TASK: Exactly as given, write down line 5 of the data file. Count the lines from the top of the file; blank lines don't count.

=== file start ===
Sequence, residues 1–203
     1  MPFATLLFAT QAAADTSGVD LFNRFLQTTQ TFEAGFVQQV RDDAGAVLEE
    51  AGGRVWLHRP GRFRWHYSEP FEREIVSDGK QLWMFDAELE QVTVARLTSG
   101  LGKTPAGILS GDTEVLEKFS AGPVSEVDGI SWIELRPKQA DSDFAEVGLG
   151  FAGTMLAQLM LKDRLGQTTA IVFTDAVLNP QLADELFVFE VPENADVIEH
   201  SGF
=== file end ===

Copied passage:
   151  FAGTMLAQLM LKDRLGQTTA IVFTDAVLNP QLADELFVFE VPENADVIEH